Third step – Routinising to secure resource base and improve relational activity, in this step the organisation tries to ensure the best use of its resource base. Therefore it

  • Codifies new knowledge
  • Triggers reflecting
  • Exploits what is known
  • Emphasises and builds project-level comptence

Best Project Management and Systems Engineering Practices in the Preacquisition Phase for Federal Intelligence and Defense Agencies (Meier, 2008)

Dienstag, August 12th, 2008

 Best Project Management and SE Practices

Meier, Steven R.: Best Project Management and Systems Engineering Practices in the Preacquisition Phase for Federal Intelligence and Defense Agencies; in Project Management Journal, Vol. 39 (2008), No. 1, pp. 59-71.

Scope Creep! Uncontrolled growth in programs, especially public acquisitions is nothing new. [I highly suspect that we only look down on public projects because private companies are much better in hiding their failures.] Meier analyses the root causes for scope creep in intelligence and defense projects and proposes counter actions to be taken.

The root causes for creeping scope are

  • overzealous advocacy
  • immature technology
  • lack of corporate technology road maps
  • requirements instability
  • ineffective acquisition strategies, i.e. no incentives to stick to the budget
  • unrealistic baselines and a high reliance on contractor baselines
  • inadequate systems engineering, e.g. no concept of operations, system requirements document, statement of work, request for proposal, contact data requirements list
  • workforce issues, e.g. high staff turnover, no PMO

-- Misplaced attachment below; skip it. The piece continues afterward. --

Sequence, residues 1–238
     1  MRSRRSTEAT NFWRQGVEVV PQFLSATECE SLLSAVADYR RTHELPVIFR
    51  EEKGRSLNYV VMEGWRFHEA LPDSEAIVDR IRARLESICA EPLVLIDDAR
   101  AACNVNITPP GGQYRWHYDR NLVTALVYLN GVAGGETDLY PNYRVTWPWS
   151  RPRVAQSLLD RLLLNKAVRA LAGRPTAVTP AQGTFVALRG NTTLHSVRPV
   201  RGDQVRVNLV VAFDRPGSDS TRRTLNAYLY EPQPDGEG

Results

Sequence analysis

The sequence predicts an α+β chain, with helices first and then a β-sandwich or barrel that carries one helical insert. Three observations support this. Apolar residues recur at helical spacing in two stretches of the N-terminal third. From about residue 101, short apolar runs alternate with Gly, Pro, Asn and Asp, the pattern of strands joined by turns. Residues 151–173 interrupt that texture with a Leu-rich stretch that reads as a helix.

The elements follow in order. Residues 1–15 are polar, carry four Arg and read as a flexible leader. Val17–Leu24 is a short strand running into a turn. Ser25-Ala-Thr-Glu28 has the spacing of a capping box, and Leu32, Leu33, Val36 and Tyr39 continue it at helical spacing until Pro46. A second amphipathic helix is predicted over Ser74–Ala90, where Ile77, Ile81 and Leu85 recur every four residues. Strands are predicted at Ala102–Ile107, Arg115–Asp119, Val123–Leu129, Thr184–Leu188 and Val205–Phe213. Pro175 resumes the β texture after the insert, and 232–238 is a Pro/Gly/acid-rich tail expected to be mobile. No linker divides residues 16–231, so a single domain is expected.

Meier’s remedies for this predicament are quite obvious. Have a devil’s inquisitor or a third party review to get rid of the optimism bias. Wait until technology maturity is achieved or factor in higher contingencies. Set investment priorities. Put incentives into the contracts. Estimate own costs prior to RfP. Follow systems engineering standards, e.g. INCOSE’s. Manage your workforce.

Public-Private Partnership – Elements for a Project-Based Management Typology (Mazouz et al., 2008)

Dienstag, August 12th, 2008

 PPP Typology

Mazouz, Bachir; Facal, Joseph; Viola, Jean-Michel: Public-Private Partnership – Elements for a Project-Based Management Typology; in: Journal of Project Management, Vol. 39 (2008), No. 2, pp. 98-110.

In this article Mazouz et al. develop a typology for public-private-partnerships. They span a matrix along the two dimensions of proximity of target and capacity to generate projects. The proximity „refers to the position of the public organisation in relation to its target clientèle“.

  1. Situational Partnership (close distant, high capacity)
  2. Symbiotic Partnership (close distant, low capacity)
  3. Elementary Partnership (high distance, high capacity)